Amber, the fossilized resin of ancient trees, is remarkable for its ability to preserve prehistoric, organic material. These inclusions, and the successful analysis of their preserved DNA fragments, could provide scientists with incredible insights into the past. Is it now possible to extract dinosaur DNA from insects and re-create today these creatures from ancient history? Andrew Ross and Jeremy Austin discuss this controversial debate in the light of their recent research findings.
DNA (deoxyribonucleic acid) is the molecule that contains the information necessary for the growth and function of all living organisms. It is made out of subunits called nucleotides, which are joined together to form a double helix. Biologists in recent years have been extracting it from organisms to investigate the relationships between them. In the 1980s it was realized that cell structures are preserved in insects in amber, so then the search was on to find DNA in the insects' cells.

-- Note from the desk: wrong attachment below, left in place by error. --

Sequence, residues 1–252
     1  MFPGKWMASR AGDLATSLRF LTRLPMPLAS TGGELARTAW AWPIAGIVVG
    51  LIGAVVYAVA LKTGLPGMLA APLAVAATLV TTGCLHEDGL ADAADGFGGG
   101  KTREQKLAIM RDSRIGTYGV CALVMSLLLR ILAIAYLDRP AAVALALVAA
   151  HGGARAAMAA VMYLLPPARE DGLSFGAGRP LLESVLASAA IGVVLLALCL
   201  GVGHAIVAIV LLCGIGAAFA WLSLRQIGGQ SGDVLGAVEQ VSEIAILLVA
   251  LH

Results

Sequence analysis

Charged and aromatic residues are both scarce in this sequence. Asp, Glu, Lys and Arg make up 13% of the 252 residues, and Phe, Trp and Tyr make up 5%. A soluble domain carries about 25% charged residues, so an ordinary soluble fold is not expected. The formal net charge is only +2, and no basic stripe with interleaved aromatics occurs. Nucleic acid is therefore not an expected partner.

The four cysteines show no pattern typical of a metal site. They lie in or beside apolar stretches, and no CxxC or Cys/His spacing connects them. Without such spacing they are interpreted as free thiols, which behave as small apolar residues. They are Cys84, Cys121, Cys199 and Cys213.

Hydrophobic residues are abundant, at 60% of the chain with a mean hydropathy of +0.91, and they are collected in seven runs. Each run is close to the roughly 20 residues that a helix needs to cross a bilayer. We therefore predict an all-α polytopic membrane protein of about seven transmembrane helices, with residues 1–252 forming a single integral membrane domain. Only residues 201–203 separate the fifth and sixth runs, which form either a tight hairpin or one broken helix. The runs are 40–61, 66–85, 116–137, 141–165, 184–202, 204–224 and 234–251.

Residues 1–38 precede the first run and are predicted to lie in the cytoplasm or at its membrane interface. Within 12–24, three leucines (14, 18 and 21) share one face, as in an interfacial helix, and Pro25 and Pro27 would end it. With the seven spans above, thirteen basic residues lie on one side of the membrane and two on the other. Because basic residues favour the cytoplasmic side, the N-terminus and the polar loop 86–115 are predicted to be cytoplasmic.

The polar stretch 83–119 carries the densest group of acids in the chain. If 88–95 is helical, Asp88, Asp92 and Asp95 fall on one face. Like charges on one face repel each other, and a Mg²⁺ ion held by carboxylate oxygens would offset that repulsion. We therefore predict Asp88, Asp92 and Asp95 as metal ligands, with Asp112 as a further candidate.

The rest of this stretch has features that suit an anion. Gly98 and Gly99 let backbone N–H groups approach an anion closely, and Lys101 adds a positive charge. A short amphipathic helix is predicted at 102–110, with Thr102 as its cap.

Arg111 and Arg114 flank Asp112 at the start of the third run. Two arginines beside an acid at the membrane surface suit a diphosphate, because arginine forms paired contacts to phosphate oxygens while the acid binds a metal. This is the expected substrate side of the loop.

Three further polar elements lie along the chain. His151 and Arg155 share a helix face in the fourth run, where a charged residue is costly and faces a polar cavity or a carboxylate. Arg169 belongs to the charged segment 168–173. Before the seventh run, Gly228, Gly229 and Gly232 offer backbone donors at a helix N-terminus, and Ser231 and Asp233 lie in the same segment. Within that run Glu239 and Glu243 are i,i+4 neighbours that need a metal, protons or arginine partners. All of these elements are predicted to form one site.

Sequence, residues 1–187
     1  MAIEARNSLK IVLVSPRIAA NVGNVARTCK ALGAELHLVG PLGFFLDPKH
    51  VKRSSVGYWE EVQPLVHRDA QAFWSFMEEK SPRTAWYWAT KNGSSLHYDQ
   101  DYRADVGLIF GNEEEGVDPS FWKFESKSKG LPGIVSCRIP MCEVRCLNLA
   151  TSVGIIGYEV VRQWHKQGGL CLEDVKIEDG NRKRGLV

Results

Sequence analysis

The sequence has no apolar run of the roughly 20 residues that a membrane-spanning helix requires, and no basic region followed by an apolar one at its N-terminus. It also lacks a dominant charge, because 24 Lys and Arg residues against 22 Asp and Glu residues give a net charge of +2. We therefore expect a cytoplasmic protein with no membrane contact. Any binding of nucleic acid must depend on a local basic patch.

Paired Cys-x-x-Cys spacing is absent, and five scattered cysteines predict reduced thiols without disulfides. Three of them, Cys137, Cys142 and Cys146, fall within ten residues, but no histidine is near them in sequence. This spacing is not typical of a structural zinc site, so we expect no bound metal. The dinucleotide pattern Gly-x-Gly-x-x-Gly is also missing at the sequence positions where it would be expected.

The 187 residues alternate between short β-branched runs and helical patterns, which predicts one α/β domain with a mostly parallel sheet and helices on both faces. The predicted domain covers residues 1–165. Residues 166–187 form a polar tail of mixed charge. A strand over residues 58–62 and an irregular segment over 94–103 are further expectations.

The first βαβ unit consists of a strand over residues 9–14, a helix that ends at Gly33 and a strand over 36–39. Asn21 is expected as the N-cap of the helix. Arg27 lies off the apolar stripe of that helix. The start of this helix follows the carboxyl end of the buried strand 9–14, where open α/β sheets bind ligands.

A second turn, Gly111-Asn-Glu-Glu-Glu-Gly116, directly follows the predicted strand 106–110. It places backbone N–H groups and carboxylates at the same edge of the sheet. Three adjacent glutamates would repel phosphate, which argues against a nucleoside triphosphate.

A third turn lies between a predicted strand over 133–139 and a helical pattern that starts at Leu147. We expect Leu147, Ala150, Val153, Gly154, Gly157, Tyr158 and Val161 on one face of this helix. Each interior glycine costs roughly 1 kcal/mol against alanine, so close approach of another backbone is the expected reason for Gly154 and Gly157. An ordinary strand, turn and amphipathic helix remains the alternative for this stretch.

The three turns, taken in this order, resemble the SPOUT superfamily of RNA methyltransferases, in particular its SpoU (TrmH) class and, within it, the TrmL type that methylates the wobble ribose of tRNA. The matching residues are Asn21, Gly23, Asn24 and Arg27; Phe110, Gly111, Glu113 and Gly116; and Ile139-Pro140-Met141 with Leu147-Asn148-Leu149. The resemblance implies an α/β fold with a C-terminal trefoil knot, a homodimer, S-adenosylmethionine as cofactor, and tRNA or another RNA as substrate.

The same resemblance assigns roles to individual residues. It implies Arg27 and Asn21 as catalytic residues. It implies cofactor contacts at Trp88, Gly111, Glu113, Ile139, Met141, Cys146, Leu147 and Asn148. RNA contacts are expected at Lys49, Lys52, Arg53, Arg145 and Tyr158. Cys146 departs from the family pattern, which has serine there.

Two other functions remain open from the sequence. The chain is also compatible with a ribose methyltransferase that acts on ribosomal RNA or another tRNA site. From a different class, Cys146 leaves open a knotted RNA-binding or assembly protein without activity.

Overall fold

DNA was first reported to have been recovered from amber in 1992 when scientists in California claimed to have extracted fragments of DNA from an extinct species of bee ( Proplebeia dominicana) in Dominican amber. Shortly afterwards reports appeared of DNA from an extinct species of termite ( Mastotermes electrodominicus), also in Dominican amber, by scientists in New York. This was followed by reports of DNA extraction from a beetle in Lebanese amber. However, only small bits of the DNA string were recovered. There has been some scepticism as to whether these claims are genuine or the result of contamination. Experiments on the survival rate of DNA have shown that it breaks down very quickly, particularly in the presence of water. However, the insects in amber are dehydrated and if this happened quickly then it could possibly halt the decay of the DNA.